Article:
When it all boils down to it, it’s just a big piece of cloth. But they built a multi-story museum to hold it and tell its story because it is no ordinary piece of cloth.
The Bayeux Tapestry tells the pictorial story of William the Conqueror and the Norman Conquest of England in 1066. It was a pivotal moment of English (or even world) history, something all school children used to have to study in school, though usually all anyone remembered was the parody.
The tapestry is a marvelous artistic creation, 70 metres long and about 18 inches high. It is, quite naturally, propaganda, the Norman perspective on the Conquest. The Anglo Saxons might have suggested the Tapestry’s tale wanders from the truth in spots. But this is the history we have, created about 1070, when the event was still fresh in the victors’ minds.
I first heard about the Bayeux Tapestry in August 1966. My maternal grandfather had given me a subscription to National Geographic Magazine, and I think that was the first issue I had received, featuring the then newly restored tapestry on the cover. I remember reading the article, and, since it was National Geographic, looking at the pictures, but I must confess the significance of the Tapestry really didn’t hit home. I was young; I just didn’t know any better.
I think everyone who visits Bayeux goes to the Tapestry museum. Bayeux is a delightful village that managed to be spared when the Allies steamrollered over the German forces in the summer of 1944. Apparently its medieval streets were too narrow for the American tanks, so the troops just bypassed the area, preserving much local history.
The Tapestry is a popular attraction, and there is a sneaky method of crowd control, making sure you move along quickly as you take in the exhibit. The audio guide has no controls. I was told when you enter the room where the Tapestry is kept (behind climate controlled glass of course) the audio player would start automatically and as I moved from segment to segment the commentary for that segment would be triggered in the guide. That wasn’t quite true.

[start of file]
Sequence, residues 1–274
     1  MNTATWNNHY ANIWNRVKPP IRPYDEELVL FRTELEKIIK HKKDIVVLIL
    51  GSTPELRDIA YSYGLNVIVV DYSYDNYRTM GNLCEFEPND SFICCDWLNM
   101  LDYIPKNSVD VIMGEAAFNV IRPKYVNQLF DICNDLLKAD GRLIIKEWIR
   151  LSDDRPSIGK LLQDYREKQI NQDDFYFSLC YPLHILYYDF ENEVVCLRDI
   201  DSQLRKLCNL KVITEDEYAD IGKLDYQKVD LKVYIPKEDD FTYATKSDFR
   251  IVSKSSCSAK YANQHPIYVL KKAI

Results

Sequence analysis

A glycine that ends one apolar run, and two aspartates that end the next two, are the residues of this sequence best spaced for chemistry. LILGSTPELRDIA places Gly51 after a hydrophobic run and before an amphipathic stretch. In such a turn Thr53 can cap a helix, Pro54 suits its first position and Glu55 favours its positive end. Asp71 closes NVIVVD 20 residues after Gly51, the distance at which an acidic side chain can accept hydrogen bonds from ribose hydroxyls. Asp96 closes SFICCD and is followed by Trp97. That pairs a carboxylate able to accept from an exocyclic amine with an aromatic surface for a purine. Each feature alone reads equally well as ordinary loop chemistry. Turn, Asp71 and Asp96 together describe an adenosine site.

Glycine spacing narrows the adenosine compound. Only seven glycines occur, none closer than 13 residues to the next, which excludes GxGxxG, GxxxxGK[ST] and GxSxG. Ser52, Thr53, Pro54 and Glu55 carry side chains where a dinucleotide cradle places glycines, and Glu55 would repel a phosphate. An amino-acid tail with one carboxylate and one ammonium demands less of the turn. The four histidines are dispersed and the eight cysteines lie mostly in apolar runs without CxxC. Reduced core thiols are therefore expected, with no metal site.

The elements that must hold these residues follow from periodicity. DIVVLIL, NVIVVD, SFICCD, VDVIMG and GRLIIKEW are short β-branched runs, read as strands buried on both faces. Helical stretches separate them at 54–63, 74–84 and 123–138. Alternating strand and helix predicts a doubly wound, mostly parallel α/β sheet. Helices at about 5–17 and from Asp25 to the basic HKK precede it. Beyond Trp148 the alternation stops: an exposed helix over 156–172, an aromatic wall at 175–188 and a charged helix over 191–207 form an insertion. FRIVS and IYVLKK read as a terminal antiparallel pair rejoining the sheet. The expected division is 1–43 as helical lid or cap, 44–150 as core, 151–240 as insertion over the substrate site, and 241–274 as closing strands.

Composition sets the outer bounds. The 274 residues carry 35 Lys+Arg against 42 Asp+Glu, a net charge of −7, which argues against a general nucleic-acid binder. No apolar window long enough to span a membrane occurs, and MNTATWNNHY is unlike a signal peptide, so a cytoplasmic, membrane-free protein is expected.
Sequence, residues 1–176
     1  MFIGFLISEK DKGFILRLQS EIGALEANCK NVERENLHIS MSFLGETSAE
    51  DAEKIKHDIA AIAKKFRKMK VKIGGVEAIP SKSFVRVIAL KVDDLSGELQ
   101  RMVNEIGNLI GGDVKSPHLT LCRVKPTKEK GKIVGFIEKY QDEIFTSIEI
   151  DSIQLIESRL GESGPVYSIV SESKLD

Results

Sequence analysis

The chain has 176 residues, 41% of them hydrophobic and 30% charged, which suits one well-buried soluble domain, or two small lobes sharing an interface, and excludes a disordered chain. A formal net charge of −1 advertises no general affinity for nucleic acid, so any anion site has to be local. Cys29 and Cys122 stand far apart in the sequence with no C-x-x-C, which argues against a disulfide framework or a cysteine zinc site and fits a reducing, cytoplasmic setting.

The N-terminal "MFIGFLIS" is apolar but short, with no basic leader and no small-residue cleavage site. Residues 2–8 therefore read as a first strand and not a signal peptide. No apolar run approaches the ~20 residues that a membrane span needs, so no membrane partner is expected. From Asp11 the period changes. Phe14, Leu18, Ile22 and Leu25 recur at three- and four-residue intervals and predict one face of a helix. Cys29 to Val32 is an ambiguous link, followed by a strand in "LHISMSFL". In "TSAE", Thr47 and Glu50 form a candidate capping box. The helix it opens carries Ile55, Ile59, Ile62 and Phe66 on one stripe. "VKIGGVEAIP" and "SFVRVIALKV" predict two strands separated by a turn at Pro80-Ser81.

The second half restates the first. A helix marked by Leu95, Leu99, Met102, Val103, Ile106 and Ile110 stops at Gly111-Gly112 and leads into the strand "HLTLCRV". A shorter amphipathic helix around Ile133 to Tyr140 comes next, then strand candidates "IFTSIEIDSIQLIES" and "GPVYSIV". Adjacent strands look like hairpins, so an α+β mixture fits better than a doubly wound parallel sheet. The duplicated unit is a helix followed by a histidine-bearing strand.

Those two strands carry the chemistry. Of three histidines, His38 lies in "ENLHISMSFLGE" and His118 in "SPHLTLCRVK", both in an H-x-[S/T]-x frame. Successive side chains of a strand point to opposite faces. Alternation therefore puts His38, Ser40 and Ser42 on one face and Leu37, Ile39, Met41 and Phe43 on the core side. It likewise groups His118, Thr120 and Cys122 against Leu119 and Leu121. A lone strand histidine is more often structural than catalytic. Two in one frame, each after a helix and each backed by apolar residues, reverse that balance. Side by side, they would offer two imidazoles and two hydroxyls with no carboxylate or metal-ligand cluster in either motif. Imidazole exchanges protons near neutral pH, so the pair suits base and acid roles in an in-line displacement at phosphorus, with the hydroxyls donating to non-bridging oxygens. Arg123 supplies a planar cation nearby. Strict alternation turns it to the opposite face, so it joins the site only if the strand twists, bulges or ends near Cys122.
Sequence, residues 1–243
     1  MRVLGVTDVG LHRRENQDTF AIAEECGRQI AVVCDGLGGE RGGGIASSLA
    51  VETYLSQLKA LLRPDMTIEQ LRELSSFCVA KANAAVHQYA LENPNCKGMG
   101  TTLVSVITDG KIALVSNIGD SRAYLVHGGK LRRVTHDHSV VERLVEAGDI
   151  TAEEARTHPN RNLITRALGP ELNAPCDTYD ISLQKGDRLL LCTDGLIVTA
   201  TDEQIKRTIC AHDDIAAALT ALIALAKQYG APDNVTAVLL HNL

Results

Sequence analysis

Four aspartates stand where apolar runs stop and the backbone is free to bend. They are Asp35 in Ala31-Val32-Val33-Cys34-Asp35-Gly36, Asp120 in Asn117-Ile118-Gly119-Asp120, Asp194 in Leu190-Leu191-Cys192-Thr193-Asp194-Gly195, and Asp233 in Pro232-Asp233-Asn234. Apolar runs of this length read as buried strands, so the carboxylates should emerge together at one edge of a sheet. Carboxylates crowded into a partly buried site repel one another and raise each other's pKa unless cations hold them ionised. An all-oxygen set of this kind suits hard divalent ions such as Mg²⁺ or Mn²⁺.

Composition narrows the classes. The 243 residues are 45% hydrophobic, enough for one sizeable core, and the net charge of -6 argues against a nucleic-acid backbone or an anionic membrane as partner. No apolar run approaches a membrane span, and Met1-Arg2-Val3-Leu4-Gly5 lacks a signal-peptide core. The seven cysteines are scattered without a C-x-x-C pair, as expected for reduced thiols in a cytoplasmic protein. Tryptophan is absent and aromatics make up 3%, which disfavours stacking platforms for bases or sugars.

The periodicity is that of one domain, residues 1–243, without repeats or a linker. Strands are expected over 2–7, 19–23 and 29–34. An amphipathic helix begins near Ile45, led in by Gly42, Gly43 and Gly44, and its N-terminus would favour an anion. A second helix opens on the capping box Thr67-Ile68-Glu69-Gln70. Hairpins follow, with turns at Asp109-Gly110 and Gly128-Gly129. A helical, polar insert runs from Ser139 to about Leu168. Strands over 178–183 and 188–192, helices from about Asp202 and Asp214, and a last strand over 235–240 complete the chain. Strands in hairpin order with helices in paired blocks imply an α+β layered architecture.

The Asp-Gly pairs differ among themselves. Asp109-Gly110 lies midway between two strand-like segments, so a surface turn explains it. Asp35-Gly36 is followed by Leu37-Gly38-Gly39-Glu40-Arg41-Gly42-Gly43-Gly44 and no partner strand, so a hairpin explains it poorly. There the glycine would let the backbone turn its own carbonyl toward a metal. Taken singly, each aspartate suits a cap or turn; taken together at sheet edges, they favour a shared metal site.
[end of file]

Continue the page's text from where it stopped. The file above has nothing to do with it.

The audio guide did indeed start as I entered the room. And it kept going. There was no lingering over one panel or another to examine the tapestry’s richness more closely or to consider that part of the story. The narration, once started just kept on going. I was a little annoyed. I could have re-entered the Tapestry room and gone through the whole process again, but there were other things to do and see, so I decided once was probably enough. It was just that there was a lot to absorb in each of those panels, which sometimes tell three parts of the tale simultaneously. I suppose I can look it up online, where you can also find the story of how the Tapestry survived fires and war and destruction.
Does anyone care about what happened in 1066 on a field in southern England? Not really, even if it was a pivotal moment in history (though I suspect one no longer mentioned in Canadian public schools). It is too far removed from our daily lives. Yet we are products of our past, shaped by what has gone before, as individuals and as a culture. We need an awareness of that past, even if our information comes from propaganda like the Bayeux tapestry. It might be fun if the Anglo-Saxon side of the story was given equal weight, but the victors write the history books.